Catholic church announces two places of worship are set to close in town

The Catholic church in the borough has suffered a blow after it was announced two places of worship in a town are to shut.

Friday, 2nd August 2019, 9:14 am
Updated Friday, 2nd August 2019, 10:14 am
Our Lady of the Rosary is one of two set to close

Final masses have been announced for Twelve Apostles Church and Our Lady of the Rosary Church later this month in Leigh.

The two buildings are to close their doors for good, with the Archdiocese of Liverpool saying it was a difficult decision to make.

A statement read: “Following extensive consultation, the churches of Our Lady of the Rosary and Twelve Apostles, within the parish of St Edmund Arrowsmith, Leigh are to close at the end of August 2019.

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“For over 15 years we have been discussing how to best to meet the pastoral needs of Catholics in the different parts of Leigh.

“This led to the creation of two new parishes: St Edmund Arrowsmith and St Margaret Clitherow in 2011.

“A recent decision has been made that there will be three priests to serve these two parishes, in order for that to happen two of the seven churches will be closed.

“Such decisions are never easy as churches are not just building but places of sacred memory.

“These memories will be taken with the people to new places of worship.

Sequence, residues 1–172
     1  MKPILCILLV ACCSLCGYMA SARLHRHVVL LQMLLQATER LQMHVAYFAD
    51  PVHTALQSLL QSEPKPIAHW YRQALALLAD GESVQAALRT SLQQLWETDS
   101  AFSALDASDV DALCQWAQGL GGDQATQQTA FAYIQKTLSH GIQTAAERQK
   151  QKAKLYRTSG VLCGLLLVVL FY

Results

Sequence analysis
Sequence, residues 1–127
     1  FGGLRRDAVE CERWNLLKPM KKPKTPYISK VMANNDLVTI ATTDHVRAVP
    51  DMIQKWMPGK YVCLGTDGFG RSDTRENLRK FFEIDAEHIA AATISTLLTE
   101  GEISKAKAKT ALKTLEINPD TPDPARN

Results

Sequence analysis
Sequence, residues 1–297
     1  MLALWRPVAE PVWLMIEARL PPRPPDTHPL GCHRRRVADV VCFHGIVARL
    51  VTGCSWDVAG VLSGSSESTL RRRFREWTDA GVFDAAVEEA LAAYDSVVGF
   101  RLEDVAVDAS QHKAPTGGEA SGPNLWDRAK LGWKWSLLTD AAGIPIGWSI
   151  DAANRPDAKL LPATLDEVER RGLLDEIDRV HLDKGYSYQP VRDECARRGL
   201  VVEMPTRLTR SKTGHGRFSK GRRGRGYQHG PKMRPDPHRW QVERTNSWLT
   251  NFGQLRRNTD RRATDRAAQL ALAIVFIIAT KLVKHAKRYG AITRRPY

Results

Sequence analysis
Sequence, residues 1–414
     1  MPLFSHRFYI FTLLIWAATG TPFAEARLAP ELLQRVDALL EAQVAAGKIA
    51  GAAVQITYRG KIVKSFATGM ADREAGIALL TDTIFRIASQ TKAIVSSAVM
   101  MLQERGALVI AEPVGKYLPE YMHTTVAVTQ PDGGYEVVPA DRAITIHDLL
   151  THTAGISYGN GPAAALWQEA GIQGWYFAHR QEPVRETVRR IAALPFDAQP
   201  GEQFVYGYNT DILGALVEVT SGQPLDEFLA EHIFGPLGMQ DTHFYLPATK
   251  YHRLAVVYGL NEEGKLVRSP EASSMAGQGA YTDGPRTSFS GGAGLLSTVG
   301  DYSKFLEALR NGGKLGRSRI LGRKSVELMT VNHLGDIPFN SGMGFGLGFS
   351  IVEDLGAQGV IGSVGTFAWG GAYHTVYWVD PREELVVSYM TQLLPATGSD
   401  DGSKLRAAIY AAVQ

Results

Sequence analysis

“This will give us the opportunity to be bold and creative in our pastoral planning and in carrying out the mission of the church.”

The final services will be on Thursday August 29 for Our Lady’s, which is on Plank Lane, and Friday 30 for Twelve Apostles on Nel Pan Lane. Both masses will begin at 7pm and will be led by Bishop Tom Williams, the auxiliary bishop of Liverpool.

Twelve Apostles was built in 1929 and the building, which is red brick with a slate roof, has a rose window and a wood-framed and covered corridor linking the church and parish house, thought to date back to the early 1900s.

Our Lady of the Rosary was built in the late 1930s and is a tall building designed in a somewhat austere style.

The two churches have shared a priest since 1995.

Borough churches have been struggling to keep their doors open in recent years, with dwindling congregations and a shortage of clergy often given as reasons.

The Archdiocese of Liverpool announced the closure of St Edward’s Church in Newtown and St William’s in Ince in 2017, while parishioners at St Patrick’s in Scholes had to fight to keep the church open.

Other denominations have been affected too, with a baptist chapel in Golborne being auctioned earlier this year.